Jeff Goodright, Director at Cyber Spider hosted a workshop this month exploring how values, beliefs and experiences can affect decision-making in the workplace. The workshop looked at how values are developed, and discussed ethnocentrism, prejudice and discrimination and their impact on professional decision-making.

Case managers frequently make decisions on behalf of their clients and Jeff challenged delegates with the question: “Do you always consider the factors that brought you to that decision?” He stressed the importance of recognising and reflecting on the rationale behind making decisions.

Do your values affect decisions in the workplace? Values are powerful influencers and impact on decision-making and interaction with others. They are the standards or ideals that are used to plan and evaluate actions.

According to sociologist Morris Massey there are three periods in life during which values are developed. The so-called ‘Imprint Period’ is up to the age of seven years when we are like sponges, absorbing everything around us and accepting much of it as true, especially when it comes from our parents. In this period, we learn a sense of right and wrong, good, and bad. The ‘Modelling Period’ is between the ages of eight and thirteen years when we copy people, often our parents, but also others such as teachers. Rather than blind acceptance of their values, we try them on like a suit of clothes, to see how they feel. The third phase is the ‘Socialisation Period’, between 13 and 21 years of age when we are influenced by our peers. As individuals develop they naturally turn to people who seem more like them. Other influences during this period include the media, especially those aspects which seem to resonate with the values of peer groups.

All values, whether they are social, political, cultural, economic, or religious, must be considered and respected. Recognising the values of clients and their families is important in order to reduce the negative impact of crossing their values and beliefs. Values that are compromised or put under pressure can affect decision-making.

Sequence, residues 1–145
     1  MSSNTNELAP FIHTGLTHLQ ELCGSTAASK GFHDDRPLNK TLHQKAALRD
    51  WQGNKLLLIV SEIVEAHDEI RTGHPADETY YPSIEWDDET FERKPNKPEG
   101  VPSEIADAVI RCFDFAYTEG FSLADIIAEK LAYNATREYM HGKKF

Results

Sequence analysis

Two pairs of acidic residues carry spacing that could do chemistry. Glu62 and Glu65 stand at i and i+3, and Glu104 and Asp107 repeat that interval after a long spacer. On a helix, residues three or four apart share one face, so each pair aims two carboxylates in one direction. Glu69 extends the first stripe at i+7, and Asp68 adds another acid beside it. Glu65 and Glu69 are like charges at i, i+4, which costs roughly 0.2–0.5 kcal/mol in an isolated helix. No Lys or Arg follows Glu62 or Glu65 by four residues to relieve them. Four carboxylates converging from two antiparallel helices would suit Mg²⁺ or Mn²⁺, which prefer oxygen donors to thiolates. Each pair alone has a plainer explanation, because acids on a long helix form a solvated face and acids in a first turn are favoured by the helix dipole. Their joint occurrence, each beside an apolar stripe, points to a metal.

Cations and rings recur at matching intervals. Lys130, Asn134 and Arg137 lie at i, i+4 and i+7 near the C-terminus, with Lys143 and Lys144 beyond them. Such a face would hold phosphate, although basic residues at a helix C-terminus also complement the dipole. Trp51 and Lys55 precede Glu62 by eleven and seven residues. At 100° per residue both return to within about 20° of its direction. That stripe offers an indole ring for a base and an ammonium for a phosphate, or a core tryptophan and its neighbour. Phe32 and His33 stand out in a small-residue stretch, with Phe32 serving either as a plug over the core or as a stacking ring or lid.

Do you have a cultural bias? Cultures have sets of rules and beliefs about what is correct for a specific culture. Ethnocentrism is the measuring and judging one culture by another culture. It is a cultural or ethnic bias- whether conscious or unconscious, and can influence decision-making, especially if you are unaware of it. Generally Western cultures are individualistic; they focus on what is best for the individual, whereas many Eastern cultures are collective and focus on what is best for everyone. So, when making decisions on behalf of clients it is crucial to identify their cultural rules and beliefs and keep them front of mind. What is the difference between prejudice and discrimination? Prejudice is an unjustified or incorrect attitude towards an individual based solely on the individual’s membership of a social group.People can have preconceived opinions that are not based on reason or actual experience. This has a negative context and often individuals are unaware that they are doing it and so it can lead to discrimination. Discrimination is the behaviour or actions, usually negative, towards an individual or group of people especially on the basis of sex, race, or social class. Ideally an individual should be non-prejudiced and a non-discriminator. However, the reality is that people will always have prejudices, but the prejudiced person who does not act on their attitude and remains a non-discriminator will still be able to make positive professional decisions. Jeff concluded by reiterating the importance of analysing the reasons behind decisions in the workplace and ensuring that they are documented; if a case manager is challenged on the basis of prejudice or discrimination then the documentation will help them justify their decisions. If you would like to watch the workshop please click here